The heating element is then connected to a source of electricity, whereupon the emulsion in cup 15 is gradually brought to ebullition, heat being applied until all of the liquid phases of the emulsion have been driven from the retort in vapor form and out through tube 20. The steel wool or other like filamentary baffie means in the upper portion 16 of the retort serves to entrain mud solids and keep them out or" the condenser, so that only liquids and vapors enter condenser 19.

It is to be noted that the volume contained in the cup portion 15 is substantially less than one-tenth of the total volume of the metal block of condenser 19, but not less than one-thirtieth. By the choice of a metal for condenser block 19 having good heat conductivity, the entire block warms up as vapors enter through tube 2'3 and condense in tube 22 and 21. With the relative volumes within the limits just stated, we achieve complete condensation of the liquids originally placed in cup 15, and yet we have a condition of appreciably elevated temperature of condenser 19 towards the end of a distillation run. Thus the objects of the invention are achieved; the liquids from the accurately measured charge originally placed in cup 15' are recovered in readily measured form, and because of the warming up of condenser 19, the last portions of oil to be distilled over are quite fluid and run out of tubes 21 and 22 readily. Moreover, the necessity of supplying running water is completely obviated. If the volume ratio is less than about A the condenser block heats up too much and water may be lost as vapor; on the other hand, if the volume ratio is greater than about then the condenser block is not warm enough towards the end of the run to insure fluidity of the heavy oil fractions.

We are aware that so-called air-condensers have been previously described and used, in which running water is not used, but cooling fins generally of metal surrounding the condensing tube serve to carry away the heat liberated in the condensation process. It will be observed that our arrangement is quite different from that just described; cooling fins would not be desirable in our apparatus because they would make the final temperature of the interior of tube 21 towards the end of a distillation run too much dependent upon ambient temperature and in particular ambient wind velocity. Instead, we provide suliicient heat capacity in the form of a mass of metal of good heat conductivity to take care of the latent heat of condensation of the liquids distilled. Thus, we achieve relative independence of exterior conditions. is only necessary to have condenser 19 at ordinary temperatures at the beginning of a run, which is readily achieved automatically, since the disassembly and cleaning of the retort at the end of a distillation run give suflicient time for the condenser 19 to cool down to room temperature in the majority of cases. We prefer a metal having a thermal conductivity of at least 0.20 calories per centimeter per second per square centimeter per degree Centigrade. Brass varies from 0.21 to 0.26, and aluminum about twice that.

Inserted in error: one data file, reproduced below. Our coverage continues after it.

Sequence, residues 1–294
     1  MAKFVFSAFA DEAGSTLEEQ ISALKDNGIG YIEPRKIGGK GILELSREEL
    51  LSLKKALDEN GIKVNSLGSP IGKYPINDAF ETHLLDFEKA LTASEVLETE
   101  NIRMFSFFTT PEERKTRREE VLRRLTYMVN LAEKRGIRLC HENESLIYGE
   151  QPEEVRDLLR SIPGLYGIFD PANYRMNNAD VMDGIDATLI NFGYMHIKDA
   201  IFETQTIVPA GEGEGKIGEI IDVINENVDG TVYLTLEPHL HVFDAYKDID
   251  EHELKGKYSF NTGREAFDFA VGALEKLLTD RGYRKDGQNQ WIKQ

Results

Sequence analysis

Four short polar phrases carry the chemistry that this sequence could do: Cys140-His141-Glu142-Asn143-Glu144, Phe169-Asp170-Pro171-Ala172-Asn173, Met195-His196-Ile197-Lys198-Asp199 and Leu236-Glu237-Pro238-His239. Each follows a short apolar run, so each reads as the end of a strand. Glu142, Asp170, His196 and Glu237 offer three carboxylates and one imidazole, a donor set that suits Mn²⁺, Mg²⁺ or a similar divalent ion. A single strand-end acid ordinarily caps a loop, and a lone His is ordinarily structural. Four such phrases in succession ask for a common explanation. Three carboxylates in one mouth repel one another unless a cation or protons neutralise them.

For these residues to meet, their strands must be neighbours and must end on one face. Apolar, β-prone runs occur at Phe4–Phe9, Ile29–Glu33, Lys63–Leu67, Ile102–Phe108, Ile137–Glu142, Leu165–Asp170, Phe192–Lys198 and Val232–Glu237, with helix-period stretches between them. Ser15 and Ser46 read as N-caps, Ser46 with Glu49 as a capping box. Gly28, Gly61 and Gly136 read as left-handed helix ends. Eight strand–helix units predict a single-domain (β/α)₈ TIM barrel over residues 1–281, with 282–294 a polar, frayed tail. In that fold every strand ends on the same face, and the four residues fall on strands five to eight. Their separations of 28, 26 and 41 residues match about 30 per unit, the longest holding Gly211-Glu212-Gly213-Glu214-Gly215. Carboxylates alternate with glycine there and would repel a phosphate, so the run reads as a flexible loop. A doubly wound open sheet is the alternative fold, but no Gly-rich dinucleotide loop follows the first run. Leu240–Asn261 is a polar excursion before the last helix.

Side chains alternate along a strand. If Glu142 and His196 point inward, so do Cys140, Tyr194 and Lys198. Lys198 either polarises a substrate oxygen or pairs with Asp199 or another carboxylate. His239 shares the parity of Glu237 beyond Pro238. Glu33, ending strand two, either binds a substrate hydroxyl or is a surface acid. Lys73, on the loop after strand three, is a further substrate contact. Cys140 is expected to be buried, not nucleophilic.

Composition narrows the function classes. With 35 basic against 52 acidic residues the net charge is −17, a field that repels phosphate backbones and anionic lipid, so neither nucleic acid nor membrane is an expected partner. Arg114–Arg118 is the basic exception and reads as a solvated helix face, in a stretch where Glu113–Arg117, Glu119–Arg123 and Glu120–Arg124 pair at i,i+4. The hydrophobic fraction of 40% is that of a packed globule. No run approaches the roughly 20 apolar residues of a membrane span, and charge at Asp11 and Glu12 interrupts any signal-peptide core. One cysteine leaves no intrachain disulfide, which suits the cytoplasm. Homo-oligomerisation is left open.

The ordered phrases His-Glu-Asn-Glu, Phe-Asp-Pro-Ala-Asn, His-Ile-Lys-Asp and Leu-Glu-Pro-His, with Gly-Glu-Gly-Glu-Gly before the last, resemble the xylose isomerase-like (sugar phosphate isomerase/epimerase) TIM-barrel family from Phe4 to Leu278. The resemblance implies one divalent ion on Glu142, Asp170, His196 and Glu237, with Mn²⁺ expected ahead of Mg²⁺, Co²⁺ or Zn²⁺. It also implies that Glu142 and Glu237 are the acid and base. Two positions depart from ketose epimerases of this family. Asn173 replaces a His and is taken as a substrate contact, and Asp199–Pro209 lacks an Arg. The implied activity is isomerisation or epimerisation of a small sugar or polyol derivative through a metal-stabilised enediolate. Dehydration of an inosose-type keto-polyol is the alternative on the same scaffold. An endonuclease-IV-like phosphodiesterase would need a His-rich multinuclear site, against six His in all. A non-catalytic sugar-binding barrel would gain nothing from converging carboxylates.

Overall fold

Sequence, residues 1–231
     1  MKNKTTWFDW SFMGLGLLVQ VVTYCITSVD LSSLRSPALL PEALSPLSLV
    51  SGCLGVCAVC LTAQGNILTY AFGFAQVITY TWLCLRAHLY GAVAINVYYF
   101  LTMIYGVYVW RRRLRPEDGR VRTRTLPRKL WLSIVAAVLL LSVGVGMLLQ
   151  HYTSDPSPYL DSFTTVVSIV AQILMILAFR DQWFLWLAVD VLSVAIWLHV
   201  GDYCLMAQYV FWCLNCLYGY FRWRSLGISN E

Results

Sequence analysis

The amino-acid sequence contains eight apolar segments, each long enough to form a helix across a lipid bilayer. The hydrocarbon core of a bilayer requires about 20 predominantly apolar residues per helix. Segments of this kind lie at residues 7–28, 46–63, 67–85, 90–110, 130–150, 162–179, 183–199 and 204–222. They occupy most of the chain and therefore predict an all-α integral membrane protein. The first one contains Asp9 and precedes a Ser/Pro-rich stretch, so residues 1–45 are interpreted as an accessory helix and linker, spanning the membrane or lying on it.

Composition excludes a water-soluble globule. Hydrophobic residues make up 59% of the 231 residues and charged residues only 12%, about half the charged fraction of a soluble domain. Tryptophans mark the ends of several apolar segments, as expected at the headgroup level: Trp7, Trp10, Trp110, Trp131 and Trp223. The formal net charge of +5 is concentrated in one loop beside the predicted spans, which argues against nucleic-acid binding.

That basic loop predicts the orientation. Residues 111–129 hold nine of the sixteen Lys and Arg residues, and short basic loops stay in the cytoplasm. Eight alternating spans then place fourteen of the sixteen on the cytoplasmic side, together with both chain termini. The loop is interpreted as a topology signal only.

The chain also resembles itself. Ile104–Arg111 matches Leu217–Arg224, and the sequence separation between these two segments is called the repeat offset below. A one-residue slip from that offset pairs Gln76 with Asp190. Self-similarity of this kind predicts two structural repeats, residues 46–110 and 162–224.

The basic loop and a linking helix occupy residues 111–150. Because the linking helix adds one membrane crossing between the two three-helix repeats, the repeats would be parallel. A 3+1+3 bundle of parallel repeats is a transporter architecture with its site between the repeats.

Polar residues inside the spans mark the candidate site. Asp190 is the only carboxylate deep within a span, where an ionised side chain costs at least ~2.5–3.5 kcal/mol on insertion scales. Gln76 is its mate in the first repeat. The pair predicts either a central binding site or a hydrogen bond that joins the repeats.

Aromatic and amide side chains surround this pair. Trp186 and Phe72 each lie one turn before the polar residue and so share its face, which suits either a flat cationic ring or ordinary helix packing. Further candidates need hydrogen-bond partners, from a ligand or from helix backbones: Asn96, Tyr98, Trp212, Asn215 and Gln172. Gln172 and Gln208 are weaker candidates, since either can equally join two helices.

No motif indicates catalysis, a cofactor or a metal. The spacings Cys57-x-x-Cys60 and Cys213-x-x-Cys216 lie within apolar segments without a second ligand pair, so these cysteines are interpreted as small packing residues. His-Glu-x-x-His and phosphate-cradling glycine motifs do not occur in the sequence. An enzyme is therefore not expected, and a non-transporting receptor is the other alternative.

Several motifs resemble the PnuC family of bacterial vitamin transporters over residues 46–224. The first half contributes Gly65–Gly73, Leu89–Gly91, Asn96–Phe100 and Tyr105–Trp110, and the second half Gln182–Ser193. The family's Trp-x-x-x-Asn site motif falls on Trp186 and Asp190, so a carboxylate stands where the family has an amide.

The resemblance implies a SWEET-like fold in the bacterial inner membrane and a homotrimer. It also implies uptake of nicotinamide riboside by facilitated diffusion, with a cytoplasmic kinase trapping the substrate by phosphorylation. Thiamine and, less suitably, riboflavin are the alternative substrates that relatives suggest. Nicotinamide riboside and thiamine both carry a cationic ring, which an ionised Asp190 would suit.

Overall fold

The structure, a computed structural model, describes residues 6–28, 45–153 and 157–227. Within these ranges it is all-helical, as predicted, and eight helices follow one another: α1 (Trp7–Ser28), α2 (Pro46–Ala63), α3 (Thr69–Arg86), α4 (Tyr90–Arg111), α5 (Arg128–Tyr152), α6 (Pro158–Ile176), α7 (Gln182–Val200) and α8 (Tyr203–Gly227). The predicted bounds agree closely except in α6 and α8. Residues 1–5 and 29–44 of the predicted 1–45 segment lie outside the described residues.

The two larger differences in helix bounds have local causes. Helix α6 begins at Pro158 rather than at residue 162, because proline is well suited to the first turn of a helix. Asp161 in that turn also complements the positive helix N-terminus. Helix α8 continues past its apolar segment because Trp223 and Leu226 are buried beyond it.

It will be understood that the invention is a broad one and various modifications may be made in the apparatus and the manner of using within the scope of the invention and the appended claims.

What is claimed is:

1. In a distillation apparatus, a retort comprising a cup-shaped lower chamber and an upper chamber, attaching means securing said lower chamber to said upper chamber, means for supplying heat to said lower chamher, a metal block, a passageway disposed within said metal block and leading downwards and a connecting tube means intermediate said retort and the upper portion of said passageway.

2. In a distillation apparatus, a retort, means for supplying heat to said retort, a block of metal of thermal conductivity at least 0.20, a passageway disposed within said metal block and leading downwards, and connecting tube means intermediate said retort and the upper .portion of said passageway.

3. in a distillation apparatus, a retort comprising a cup-shaped lower chamber and an upper chamber, screw thread engaging means securing said lower chamber to said upper chamber, means for supplying heat to said lower chamber, a block of metal of thermal conductivity at least 0.20 and having a total volume at least ten times but not more than thirty times that of the volume of said lower chamber of said retort, 'a passageway disposed within said metal block and leading downwards, and a connecting tube means intermediate said retort and the upper portion of said passageway.

4. in a distillation apparatus, a retort comprising a cup-shaped lower chamber and an upper chamber containing a filamentary metallic bafile means, screw thread engaging means securing said lower chamber to said upper chamber, means for supplying heat to said lower chamber, a block of metal of thermal conductivity at least 0.20 and having a total volume of at least ten times but not more than thirty times that of the volume of said lower chamber of said retort, a passageway disposed within said metal block and leading downwards, and a connecting tube means intermediate said retort and the upper portion of said passageway.

References Cited in the file of this patent UNITED STATES PATENTS

Patent Citations
Cited PatentFiling datePublication dateApplicantTitle
US982765 *Nov 19, 1908Jan 24, 1911United Gas Improvement CoApparatus for determining water in coke, &c.
US2398580 *Jun 17, 1940Apr 16, 1946 Method
Referenced by
Citing PatentFiling datePublication dateApplicantTitle
US3050449 *Jun 3, 1959Aug 21, 1962Nat Lead CoHydrocarbon sampling
US3355365 *Jul 2, 1964Nov 28, 1967Exxon Research Engineering CoHorizontal distillation analyzer with plural distillate receivers
US4659676 *Apr 17, 1985Apr 21, 1987Rhyne Jr Richard HFluorescent tracers for hydrophobic fluids
Classifications
U.S. Classification202/189, 436/30, 202/234, 202/185.3, 202/185.1, 202/81, 203/86
International ClassificationG01N25/14, G01N25/00, B01D3/00
Cooperative ClassificationB01D3/00, G01N25/14
European ClassificationB01D3/00, G01N25/14